Argonne National Laboratory

The goal of this theme is to utilize the CNM’s expertise in computational modeling, synthesis, and advanced characterization to accelerate the discovery, research and development of nanoscale platforms for a clean and sustainable energy future.

Individual Thrusts


Thrust One

Energy Storage. Our goal for this area is to utilize our expertise in predictive modeling, synthesis, processing, and characterization to advance fundamental understanding of batteries and energy storage platforms to directly impact real-world technology. The CNM utilizes state-of-the-art instrumentation including advanced transmission electron microscopy and synchrotron-based nanoscale X-ray probing to explore structural characterization of battery materials and interfaces. The center is performing groundbreaking research aimed towards the optimization and realization of next-generation energy storage systems that include calcium and sodium ion batteries. Newly developed techniques are being implemented for operando single particle research to study the morphological evolution of anode materials in solid state batteries. The CNM is heavily invested in the discovery and research of novel materials for cathode, anode and electrolytes, and multiscale understanding of structural effects and their impact on the performance of energy storage materials.


Thrust Two

Energy Capture and Conversion. Our goal for this area is to collaboratively pioneer advancements in solar, photocatalysis, electrocatalysis, and energy conversion to elucidate fundamental understanding needed to advance and optimize our ability to harvest and convert clean energy. Leveraging the center's unique capabilities, we can explore novel perovskite materials and precisely determine how doping impacts the photoluminescent yield and local carrier generation using correlated synchrotron x-ray microscopy. The CNM is leading research and development of environmentally friendly platforms for photocatalytic energy conversion that utilizes biological entities combined with inorganic materials to capture light and generate hydrogen gas through water splitting. We are actively pursuing an atomistic understanding of catalytic behaviors for energy conversion. Through advanced synthesis and characterization, the CNM is developing unique nanoscale materials, such as high entropy alloy, core-shell systems for electro- and photocatalysis along with light-gated protocells that trigger the biosynthesis of energy-storage molecules.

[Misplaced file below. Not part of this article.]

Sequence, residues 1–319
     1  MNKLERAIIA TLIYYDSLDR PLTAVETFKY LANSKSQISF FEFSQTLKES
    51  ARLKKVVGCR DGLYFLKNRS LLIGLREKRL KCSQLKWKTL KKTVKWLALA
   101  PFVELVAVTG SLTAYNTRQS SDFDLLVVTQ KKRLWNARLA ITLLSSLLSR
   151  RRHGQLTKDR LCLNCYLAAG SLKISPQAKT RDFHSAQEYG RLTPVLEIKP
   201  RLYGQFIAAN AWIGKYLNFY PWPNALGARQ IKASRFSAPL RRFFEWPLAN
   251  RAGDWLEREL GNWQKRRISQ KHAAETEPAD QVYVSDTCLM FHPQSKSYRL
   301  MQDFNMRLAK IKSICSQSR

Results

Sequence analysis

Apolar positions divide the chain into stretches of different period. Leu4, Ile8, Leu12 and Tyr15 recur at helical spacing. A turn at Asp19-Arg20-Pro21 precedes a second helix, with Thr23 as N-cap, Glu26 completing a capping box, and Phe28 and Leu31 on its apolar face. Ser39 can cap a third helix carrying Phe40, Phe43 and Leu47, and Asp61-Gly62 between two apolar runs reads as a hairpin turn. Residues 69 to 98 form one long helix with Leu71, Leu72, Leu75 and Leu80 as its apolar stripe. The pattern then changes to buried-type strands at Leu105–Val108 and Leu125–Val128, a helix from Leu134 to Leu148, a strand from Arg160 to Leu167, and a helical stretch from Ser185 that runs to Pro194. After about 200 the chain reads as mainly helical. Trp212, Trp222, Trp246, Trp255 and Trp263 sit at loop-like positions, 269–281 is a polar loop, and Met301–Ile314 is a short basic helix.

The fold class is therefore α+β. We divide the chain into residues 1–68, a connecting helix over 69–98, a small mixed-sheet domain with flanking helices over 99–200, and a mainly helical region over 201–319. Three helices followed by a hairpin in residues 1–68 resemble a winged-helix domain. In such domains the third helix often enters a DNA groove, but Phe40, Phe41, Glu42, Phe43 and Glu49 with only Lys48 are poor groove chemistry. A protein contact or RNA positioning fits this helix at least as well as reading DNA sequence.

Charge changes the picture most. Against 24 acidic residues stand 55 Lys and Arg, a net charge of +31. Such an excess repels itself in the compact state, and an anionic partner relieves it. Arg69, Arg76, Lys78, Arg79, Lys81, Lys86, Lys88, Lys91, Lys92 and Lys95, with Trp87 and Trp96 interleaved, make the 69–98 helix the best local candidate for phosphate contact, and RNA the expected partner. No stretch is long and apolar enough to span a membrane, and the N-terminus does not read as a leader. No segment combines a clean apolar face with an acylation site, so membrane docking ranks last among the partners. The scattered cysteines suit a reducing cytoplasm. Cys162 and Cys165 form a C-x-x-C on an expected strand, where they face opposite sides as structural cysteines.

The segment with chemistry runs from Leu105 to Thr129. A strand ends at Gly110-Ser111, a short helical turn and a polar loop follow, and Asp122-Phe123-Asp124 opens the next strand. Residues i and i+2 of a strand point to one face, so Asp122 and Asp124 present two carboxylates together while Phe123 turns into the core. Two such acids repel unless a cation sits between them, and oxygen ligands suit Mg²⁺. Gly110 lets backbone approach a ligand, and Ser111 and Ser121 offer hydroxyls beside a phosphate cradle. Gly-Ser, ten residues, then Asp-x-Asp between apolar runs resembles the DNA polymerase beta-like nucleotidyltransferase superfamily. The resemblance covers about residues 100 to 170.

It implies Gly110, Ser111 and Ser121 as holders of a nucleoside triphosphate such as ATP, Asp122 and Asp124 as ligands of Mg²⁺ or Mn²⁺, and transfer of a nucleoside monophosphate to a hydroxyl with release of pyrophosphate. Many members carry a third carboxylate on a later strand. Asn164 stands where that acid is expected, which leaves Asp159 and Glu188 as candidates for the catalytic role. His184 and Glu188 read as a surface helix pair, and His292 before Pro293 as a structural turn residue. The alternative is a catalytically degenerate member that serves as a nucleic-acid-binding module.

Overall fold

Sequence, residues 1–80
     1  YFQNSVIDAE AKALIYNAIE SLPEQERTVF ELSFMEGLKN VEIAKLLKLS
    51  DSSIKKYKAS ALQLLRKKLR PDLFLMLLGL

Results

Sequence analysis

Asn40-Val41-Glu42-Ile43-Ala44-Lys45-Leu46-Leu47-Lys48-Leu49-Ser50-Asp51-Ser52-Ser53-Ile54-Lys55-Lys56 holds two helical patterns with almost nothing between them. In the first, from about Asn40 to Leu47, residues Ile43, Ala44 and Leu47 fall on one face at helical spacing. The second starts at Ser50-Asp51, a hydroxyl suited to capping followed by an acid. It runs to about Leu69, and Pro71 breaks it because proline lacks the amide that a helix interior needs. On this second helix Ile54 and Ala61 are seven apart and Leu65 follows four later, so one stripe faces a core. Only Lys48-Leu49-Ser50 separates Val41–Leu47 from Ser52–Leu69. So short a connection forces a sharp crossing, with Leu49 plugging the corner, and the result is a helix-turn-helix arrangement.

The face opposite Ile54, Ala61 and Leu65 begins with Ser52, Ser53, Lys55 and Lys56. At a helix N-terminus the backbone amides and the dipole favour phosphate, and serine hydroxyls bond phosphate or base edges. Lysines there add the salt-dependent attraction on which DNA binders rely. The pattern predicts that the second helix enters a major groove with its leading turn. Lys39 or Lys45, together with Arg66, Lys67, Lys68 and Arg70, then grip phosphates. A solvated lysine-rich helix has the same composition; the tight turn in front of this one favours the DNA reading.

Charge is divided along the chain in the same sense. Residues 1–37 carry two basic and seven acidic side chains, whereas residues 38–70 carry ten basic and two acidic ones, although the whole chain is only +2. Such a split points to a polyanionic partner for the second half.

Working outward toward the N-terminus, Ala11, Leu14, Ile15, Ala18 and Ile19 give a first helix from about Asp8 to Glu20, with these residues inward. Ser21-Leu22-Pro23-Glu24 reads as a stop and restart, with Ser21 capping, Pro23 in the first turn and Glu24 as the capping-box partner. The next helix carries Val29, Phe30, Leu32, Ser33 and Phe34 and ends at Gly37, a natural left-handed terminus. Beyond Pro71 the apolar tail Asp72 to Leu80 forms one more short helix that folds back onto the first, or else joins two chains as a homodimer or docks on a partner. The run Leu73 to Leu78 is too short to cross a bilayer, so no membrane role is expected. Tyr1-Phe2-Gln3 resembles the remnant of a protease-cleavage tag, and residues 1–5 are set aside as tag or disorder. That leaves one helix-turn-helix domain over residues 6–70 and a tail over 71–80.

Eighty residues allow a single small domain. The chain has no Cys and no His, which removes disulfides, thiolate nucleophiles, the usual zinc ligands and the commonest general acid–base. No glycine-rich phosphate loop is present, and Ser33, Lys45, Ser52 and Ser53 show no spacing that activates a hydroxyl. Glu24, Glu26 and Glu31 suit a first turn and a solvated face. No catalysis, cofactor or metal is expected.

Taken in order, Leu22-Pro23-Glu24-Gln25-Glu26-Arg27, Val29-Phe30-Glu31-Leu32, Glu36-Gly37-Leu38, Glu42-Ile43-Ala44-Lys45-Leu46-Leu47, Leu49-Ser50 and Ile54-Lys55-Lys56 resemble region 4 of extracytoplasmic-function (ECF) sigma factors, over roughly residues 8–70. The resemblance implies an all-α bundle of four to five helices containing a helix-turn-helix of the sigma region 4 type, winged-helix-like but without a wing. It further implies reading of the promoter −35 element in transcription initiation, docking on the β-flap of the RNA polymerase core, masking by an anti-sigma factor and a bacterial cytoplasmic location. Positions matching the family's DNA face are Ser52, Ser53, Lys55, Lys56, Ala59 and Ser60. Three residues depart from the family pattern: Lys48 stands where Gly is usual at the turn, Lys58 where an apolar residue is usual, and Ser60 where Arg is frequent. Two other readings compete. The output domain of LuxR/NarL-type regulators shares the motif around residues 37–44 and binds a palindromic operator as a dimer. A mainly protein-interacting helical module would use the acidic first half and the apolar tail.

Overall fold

Thrust Three

Nanoscience for a Circular Carbon Economy. Our goal for this area is to leverage material, chemical, and biological sciences to further understand and exploit the relationship between nanoscale structure and local environments aimed towards carbon capture, conversion, and upcycling. The CNM combines advanced computational modeling with novel material synthesis and state-of-the-art characterization to develop nanoporous membranes for chemical upcycling and conversion, single-atom catalysis, inorganic and bio-inspired platforms for CO2 reduction, and exploration of polymer upcycling. We are engineering biological pathways with man-made materials for semi-artificial photosynthetic carbon conversion and designing peptide nanostructures for the development of novel supramolecular bioelectronic materials. The CNM is developing unique capabilities to gain further understanding of low-dimensional materials engineered for carbon capture and for hydrogen storage platforms. Furthermore, we are starting novel forward-looking programs to mitigate CO2 emissions through designer catalytic processes for H2 production, storage, and transportation by combining nanomaterial synthesis, structural characterization, performance evaluation, and computational simulations.